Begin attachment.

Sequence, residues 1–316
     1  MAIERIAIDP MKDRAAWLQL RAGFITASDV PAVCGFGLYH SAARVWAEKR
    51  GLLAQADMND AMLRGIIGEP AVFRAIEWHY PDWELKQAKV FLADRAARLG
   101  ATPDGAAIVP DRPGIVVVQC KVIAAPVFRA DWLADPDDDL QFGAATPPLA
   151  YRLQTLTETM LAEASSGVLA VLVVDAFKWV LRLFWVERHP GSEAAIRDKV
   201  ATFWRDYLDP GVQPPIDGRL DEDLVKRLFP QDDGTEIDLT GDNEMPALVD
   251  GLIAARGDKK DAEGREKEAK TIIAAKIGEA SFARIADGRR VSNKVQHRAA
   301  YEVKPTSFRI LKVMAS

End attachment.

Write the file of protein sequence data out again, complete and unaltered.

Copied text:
Sequence, residues 1–316
     1  MAIERIAIDP MKDRAAWLQL RAGFITASDV PAVCGFGLYH SAARVWAEKR
    51  GLLAQADMND AMLRGIIGEP AVFRAIEWHY PDWELKQAKV FLADRAARLG
   101  ATPDGAAIVP DRPGIVVVQC KVIAAPVFRA DWLADPDDDL QFGAATPPLA
   151  YRLQTLTETM LAEASSGVLA VLVVDAFKWV LRLFWVERHP GSEAAIRDKV
   201  ATFWRDYLDP GVQPPIDGRL DEDLVKRLFP QDDGTEIDLT GDNEMPALVD
   251  GLIAARGDKK DAEGREKEAK TIIAAKIGEA SFARIADGRR VSNKVQHRAA
   301  YEVKPTSFRI LKVMAS